When men looked at Deborah they saw no further than her unlovely and violated body. In their eyes lived perpetually a lewd, uneasy wonder concerning the night she had been taken in the fields. That night had robbed her of the right to be considered a woman. No man would approach her in honor because she was a living reproach, to herself and to all black women and to all black men. […] Since she could not be considered a woman, she could only be looked on as a harlot, a source of delight more bestial and mysteries more shaking than any a proper woman could provide. Lust stirred in the eyes of men when they looked at Deborah, lust that could not be endured because it was so impersonal, limiting communion to the area of her shame. And Florence, who was beautiful but did not look with favor on any of the black men who lusted after her, […] reinforced in Deborah the terrible belief against which no evidence had ever presented itself: that all men were like this, their thoughts rose no higher, and they lived only to gratify on the bodies of women their brutal and humiliating needs.

Related Characters: Florence, Deborah
Page Number: 79-80
Explanation and Analysis:
Part 2: The Prayers of the Saints: Gabriel’s Prayer Quotes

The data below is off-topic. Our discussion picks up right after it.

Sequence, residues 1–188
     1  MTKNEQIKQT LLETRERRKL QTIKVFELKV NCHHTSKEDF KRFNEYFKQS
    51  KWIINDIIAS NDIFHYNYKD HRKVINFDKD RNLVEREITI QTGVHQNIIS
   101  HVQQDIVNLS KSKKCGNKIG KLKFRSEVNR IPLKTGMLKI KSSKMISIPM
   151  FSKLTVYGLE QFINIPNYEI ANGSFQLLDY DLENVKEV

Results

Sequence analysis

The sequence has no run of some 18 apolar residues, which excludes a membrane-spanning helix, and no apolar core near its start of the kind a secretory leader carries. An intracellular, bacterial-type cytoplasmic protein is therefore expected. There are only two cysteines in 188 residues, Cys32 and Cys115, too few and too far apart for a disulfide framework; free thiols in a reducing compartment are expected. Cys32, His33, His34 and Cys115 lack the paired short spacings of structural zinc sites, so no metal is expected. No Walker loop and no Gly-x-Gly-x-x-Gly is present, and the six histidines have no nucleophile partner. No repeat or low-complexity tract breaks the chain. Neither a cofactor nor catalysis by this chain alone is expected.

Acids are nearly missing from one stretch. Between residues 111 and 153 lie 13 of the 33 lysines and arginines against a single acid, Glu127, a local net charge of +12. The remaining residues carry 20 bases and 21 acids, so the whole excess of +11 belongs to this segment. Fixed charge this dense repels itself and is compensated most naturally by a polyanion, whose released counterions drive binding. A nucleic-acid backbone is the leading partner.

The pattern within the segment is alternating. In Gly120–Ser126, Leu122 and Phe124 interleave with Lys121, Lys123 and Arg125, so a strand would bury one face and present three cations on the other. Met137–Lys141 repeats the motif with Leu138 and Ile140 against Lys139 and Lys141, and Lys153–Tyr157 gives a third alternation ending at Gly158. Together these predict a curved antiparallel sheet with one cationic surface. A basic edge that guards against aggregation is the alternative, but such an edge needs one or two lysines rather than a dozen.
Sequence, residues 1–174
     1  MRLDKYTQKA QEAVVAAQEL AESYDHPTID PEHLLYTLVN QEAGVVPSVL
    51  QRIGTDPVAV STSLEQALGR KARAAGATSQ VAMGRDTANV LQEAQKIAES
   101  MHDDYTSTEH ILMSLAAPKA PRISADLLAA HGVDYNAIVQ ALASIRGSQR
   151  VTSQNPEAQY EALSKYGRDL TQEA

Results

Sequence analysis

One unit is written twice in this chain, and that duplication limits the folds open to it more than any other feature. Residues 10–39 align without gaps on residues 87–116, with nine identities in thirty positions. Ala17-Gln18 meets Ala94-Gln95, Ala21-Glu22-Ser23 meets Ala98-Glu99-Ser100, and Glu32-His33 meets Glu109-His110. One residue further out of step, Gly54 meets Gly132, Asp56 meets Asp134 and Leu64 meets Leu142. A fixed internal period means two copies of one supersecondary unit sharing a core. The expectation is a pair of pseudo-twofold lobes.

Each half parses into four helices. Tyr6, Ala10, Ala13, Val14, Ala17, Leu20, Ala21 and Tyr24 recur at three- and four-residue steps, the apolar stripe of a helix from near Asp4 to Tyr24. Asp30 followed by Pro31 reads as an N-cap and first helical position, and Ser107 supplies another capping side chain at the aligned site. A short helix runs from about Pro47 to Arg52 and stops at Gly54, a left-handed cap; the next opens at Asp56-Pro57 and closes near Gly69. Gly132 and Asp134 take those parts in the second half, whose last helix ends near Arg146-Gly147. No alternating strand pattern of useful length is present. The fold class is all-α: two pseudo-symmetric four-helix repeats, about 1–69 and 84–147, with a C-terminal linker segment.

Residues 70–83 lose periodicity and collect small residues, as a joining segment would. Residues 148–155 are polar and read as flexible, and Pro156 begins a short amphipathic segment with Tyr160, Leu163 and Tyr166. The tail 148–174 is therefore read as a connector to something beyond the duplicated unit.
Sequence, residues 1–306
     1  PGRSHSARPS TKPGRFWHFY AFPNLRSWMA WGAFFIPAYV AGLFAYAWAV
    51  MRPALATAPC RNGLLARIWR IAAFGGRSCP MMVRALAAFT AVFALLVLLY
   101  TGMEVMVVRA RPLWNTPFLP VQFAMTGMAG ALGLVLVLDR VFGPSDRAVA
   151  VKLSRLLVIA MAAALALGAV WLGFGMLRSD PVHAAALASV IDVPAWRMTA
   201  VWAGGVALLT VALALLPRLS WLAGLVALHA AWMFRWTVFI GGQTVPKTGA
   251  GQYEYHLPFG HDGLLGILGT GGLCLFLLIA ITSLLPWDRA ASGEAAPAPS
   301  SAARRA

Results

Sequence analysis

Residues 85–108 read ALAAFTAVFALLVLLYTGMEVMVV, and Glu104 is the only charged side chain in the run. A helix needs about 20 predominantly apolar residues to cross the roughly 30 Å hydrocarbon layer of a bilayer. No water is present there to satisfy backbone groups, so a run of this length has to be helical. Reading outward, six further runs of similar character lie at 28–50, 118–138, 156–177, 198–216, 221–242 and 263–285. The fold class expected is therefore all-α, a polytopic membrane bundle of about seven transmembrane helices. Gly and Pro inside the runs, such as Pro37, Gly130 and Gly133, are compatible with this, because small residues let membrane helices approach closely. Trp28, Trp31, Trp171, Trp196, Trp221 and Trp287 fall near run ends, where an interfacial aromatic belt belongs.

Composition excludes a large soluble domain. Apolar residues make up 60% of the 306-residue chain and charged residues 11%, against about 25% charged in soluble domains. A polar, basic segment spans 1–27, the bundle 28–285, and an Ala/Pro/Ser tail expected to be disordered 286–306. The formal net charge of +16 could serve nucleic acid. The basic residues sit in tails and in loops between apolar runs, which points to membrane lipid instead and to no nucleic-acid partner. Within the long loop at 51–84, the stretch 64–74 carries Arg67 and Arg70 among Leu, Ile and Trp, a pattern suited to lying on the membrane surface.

Again, there was her legend, her history, which would have been enough, even had she not been so wholly unattractive, to put her forever beyond the gates of any honorable man’s desire. This, indeed, in her silent, stolid fashion, she seemed to know: where, it might be, other women held as their very charm and secret the joy that they could give and share, she contained only the shame that she had borne—shame, unless a miracle of human love delivered her, was all she had to give. And she moved, therefore, through their small community like a woman mysteriously visited by God, like a terrible example of humility, or like a holy fool. […]There were people in the church, and even men carrying the gospel, who mocked Deborah behind her back; but their mockery was uneasy; they could never be certain but that they might be holding up to scorn the greatest saint among them, the Lord’s peculiar treasure and most holy vessel.

Related Characters: Gabriel, Deborah
Page Number: 110